Josh: I would have no issue at all targeting Matt Carpenter as a Top 50 draft option. Good plate discipline, steady contact, increased hard hit rate and home runs, and a solid BA to go with 200 combined runs and RBIs. Cano is the better option, but I could see Carpenter with a similar line 40 picks later.
Mike: In early mocks drafts I’ve seen Matt Carpenter and Dee Gordon falling to the 5th and 6th rounds. I’d be really happy with either of them at that value.
Neil: Trea Turner passed the eye test during the second half and should have fantasy owners jumping at the chance to see what he can do over 162 games. Turner has great contact skills and the combination of his elite speed and manager Dusty Baker’s aggressiveness on the base paths put him in the fantasy superstar conversation.
Which second basemen do you plan on avoiding in the draft?
Jim: Robinson Cano is being taken way too early for me so I’ll pass on him. I’ll also avoid the soon to be 35-year-old Ian Kinsler – playing the regression card just to be safe.
Kevin: Trea Turner is simply going to cost too much, and readers will know I avoid youngster hype. I’m also not a fan of Dustin Pedroia, but it’s mostly personal: the years I’ve kept him or drafted him, he’s underperformed or been injured.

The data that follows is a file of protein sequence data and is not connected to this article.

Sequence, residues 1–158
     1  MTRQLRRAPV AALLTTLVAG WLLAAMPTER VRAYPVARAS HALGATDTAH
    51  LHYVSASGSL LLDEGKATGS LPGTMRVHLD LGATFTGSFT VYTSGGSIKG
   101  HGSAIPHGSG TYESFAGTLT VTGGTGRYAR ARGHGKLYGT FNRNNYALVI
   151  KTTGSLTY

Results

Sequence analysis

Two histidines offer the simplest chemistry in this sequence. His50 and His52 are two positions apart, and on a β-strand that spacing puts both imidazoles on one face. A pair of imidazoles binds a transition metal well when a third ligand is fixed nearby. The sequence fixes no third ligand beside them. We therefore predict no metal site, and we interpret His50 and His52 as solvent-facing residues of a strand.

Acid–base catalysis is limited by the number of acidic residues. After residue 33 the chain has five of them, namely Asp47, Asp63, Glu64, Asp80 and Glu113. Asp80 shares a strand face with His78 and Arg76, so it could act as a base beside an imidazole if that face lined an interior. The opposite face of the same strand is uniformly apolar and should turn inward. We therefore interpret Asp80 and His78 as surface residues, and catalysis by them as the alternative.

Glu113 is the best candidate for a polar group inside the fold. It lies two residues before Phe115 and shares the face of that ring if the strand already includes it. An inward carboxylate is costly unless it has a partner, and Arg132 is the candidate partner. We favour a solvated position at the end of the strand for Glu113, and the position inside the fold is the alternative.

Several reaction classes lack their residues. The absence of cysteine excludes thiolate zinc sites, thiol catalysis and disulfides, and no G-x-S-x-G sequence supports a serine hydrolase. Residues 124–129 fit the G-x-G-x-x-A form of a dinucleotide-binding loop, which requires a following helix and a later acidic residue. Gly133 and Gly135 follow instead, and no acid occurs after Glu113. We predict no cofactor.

Ron: I plan to avoid Rougned Odor. There’s too many similarly productive players to snag later on. The second basemen available a little later in the draft may not quite have his ceiling, but there are tons of guys with a similar, safe floor.
Andy: Jean Segura scares me the most. Similar to what I wrote about Wil Myers, we have seen really good, and really bad, but still young enough to be the former. His name seems to excite a lot of people, of which I am not a member of the group.
Josh: Brian Dozier’s BA issues make month to month stats erratic, but his final line is usually solid. He has pull power and fly ball tendencies, and he should lead position in HRs, but career high HR/FB leave me skeptical of the 40 HR power. I see more of a 2015 line (.236/28/101/77) than I do a repeat of last year. That’s not a top-30 player.